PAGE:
She has written, “If I had a gun (actually I do), I would shoot you, Craig,” about Craig Newmark, founder of Craigslist; threatened the Sun’s Joe Warmington that she’d “rip [his] fucking throat out”; and that if she were ever to run into Lynn Crosbie, author of a fictionalized book about serial killer Paul Bernardo, “I will rake my fingernails across her face.”
DiManno was charged with assault following a 2016 incident in Hastings County; the count was dropped the following year when she entered into a peace bond.
“Readership studies indicate that Rosie DiManno is one of the Star’s most popular column” (sic), then public editor Kathy English explained in a 2018 Reddit AMA.
“A propos nothing at all,” Paradkar tweeted Tuesday morning, before news of the letter had broken, “I’m here to say I LOVE and support young journalists slicing through layers of obfuscation and challenging the old guard on issues of social and racial justice.”
DiManno leads column with joke about "the n-word."
Black sports journalist calls it "distasteful."
She responds, "You don't own words!" pic.twitter.com/M0uj1DGjlX
— Jonathan Goldsbie (@goldsbie) October 17, 2016
Full text of “A letter to the Toronto Star,” sent Tuesday morning:
Irene Gentle, Editor in Chief of the Toronto Star
Wayne Parrish, Torstar’s senior vice-president editorial
John Boynton, President and Chief Executive Officer of Torstar and Publisher of the Toronto Star
David Callum, Toronto Star Human Resources
On Wednesday, August 19, Rosie DiManno sent a hateful, racist reply-all email in response to Shree Paradkar’s appointment as internal ombud as “part of developing structures to ensure Black, Indigenous and journalists of colour have a way to be safely and clearly heard by colleagues, decision makers and leaders.”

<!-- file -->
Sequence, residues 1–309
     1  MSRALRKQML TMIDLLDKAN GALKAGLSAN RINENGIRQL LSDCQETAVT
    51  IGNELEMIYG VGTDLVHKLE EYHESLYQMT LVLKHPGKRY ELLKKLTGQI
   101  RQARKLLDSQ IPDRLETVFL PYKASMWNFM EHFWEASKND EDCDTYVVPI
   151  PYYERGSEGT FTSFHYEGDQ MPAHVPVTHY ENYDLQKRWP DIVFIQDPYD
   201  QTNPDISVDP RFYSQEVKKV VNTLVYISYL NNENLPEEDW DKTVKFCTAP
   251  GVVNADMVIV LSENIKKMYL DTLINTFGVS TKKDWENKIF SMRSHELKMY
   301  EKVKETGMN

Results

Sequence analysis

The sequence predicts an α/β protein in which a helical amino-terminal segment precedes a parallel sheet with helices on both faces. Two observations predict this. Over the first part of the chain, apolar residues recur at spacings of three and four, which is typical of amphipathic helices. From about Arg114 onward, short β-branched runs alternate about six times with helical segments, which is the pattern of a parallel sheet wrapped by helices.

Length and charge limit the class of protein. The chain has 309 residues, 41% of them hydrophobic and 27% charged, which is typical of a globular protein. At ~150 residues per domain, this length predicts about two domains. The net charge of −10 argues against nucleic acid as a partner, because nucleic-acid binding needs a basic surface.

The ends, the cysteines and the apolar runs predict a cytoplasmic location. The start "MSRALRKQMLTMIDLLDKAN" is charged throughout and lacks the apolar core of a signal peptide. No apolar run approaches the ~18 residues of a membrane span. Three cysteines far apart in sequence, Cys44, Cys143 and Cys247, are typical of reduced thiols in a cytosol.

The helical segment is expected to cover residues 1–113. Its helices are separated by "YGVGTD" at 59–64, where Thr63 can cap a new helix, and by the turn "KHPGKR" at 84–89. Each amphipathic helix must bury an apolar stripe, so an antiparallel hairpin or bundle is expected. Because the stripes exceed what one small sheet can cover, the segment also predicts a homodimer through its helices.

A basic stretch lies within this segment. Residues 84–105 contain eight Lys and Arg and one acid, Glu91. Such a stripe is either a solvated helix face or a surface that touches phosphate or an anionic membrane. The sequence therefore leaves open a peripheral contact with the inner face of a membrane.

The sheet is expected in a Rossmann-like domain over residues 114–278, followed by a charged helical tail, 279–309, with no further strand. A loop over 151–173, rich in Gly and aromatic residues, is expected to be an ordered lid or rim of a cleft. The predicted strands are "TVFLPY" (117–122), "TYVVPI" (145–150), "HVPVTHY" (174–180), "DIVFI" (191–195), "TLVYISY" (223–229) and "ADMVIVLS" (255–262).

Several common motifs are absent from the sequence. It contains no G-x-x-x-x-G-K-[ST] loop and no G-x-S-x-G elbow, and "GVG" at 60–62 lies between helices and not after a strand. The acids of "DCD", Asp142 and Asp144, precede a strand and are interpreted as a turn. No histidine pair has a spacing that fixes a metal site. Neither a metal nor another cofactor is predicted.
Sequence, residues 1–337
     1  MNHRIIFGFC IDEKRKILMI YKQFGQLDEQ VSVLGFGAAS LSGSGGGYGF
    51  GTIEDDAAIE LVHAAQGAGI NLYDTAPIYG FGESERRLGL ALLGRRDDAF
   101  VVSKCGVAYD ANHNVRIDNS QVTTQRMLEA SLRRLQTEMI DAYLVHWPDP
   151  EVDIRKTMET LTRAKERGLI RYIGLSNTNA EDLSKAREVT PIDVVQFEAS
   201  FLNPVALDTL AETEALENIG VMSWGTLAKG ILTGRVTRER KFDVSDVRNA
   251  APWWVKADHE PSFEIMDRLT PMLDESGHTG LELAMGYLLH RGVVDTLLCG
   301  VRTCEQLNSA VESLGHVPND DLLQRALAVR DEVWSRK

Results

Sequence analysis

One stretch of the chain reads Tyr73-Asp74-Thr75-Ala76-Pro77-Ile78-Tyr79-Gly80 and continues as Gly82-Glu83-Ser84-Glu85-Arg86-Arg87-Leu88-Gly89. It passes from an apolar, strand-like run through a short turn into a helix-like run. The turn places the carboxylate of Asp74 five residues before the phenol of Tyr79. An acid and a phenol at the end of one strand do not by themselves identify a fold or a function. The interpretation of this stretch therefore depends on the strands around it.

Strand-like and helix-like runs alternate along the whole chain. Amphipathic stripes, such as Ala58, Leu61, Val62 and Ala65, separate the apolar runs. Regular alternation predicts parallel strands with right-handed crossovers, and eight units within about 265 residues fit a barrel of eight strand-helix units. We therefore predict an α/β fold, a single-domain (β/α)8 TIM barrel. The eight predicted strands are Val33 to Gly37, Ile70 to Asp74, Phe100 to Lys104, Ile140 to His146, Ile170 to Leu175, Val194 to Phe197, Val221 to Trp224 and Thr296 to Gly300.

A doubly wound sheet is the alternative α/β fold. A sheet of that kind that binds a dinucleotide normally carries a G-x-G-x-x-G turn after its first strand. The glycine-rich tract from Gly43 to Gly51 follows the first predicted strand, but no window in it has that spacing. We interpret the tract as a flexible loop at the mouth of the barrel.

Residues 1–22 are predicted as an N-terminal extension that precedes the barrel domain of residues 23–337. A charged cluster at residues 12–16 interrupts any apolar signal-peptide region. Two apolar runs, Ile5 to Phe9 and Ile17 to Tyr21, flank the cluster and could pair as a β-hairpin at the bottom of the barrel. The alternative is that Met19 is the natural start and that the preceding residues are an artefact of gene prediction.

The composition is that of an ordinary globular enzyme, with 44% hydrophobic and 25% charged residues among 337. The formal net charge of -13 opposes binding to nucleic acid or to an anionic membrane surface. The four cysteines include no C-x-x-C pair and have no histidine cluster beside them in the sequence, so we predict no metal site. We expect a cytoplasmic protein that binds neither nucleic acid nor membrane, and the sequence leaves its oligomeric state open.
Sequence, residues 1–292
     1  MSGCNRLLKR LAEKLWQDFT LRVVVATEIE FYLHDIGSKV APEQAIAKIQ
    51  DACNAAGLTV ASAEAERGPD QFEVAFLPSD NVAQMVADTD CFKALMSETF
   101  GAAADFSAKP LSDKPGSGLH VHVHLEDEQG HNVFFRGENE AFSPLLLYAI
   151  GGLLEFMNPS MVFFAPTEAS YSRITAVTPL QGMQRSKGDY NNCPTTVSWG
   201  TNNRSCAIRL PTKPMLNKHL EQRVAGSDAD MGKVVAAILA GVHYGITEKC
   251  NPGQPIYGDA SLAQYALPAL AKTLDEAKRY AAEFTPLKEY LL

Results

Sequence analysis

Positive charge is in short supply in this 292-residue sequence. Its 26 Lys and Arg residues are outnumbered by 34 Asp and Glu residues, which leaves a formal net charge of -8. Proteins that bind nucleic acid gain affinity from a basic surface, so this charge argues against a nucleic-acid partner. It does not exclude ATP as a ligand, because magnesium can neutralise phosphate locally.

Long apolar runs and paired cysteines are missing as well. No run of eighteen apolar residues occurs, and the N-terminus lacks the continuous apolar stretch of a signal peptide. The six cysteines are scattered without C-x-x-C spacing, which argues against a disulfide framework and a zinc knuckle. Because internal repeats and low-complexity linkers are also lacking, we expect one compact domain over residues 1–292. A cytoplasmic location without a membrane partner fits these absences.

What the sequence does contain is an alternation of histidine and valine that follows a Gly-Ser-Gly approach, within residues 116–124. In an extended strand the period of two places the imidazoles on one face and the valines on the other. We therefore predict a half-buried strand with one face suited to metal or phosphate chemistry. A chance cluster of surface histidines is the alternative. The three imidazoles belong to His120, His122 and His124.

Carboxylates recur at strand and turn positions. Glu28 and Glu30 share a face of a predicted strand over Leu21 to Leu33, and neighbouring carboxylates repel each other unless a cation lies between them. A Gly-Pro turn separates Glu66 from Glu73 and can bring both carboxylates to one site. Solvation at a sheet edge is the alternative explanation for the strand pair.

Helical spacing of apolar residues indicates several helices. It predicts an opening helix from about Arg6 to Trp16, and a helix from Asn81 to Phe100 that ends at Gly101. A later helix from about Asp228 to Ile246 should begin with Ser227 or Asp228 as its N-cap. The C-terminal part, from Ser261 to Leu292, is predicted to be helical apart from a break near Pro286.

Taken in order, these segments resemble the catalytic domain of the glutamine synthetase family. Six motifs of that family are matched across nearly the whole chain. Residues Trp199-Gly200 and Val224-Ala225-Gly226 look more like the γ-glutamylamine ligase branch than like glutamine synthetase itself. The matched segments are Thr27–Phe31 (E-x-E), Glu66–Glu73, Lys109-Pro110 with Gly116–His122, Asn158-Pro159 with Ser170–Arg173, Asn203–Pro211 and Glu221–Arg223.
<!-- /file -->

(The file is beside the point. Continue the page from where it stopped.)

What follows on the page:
DiManno called the role of an internal ombudsperson — a position developed to create a safe space for BIPOC newsroom members to raise editorial concerns — a “fucking abomination.” This is an unacceptable denigration of the concerns and experiences of BIPOC newsroom members; it is in effect an example of the kind of racism, institutional and otherwise, that prompted the need for Paradkar’s position. When one of the most tenured and powerful journalists at the paper openly repudiates the very idea that BIPOC journalists can benefit from a safe outlet for their concerns, it reinforces how those journalists may not feel safe, valued, or equal in the newsroom.
DiManno has been degrading and aggressive to members of multiple departments and has never faced repercussions that we have seen, given their continuous occurrence. This bullying happens over the phone, in direct emails and out in the open. Our managers have not acted. We are all aware of the pervasive abuse these teams have been subjected to. We feel this impunity reflects a larger culture at this newsroom.
In the wake of DiManno’s reprehensible comments, only one staff member addressed DiManno’s behaviour directly. This speaks to the invisible hierarchies in place in the Star newsroom. Afterward, Wayne Parrish and John Boynton sent an email expressing support for Paradkar. We want them and other senior managers at the Star to publicly condemn DiManno’s comments. Failure to do so suggests that some in this newsroom follow different rules than the rest of us.
Additionally, if our predominantly white newsroom leaders do not address this, it clearly reinforces the need for Paradkar’s appointment as internal ombud. Any actions taken with DiManno to privately address her conduct do not sufficiently address the harms she has caused. The damage created by her reply-all email is newsroom-wide, and actions to counteract that damage should similarly be newsroom-wide.
The Star has expressed a commitment to anti-racism, pledged to listen, learn and take meaningful action. We ask that the company do so now.
We insist management enforce DiManno’s participation in anti-racism training, for DiManno to apologize to the newsroom and demonstrate an understanding of why these measures are necessary.
Signed, the impacted and supporters of those impacted:
[62 names and their respective job titles]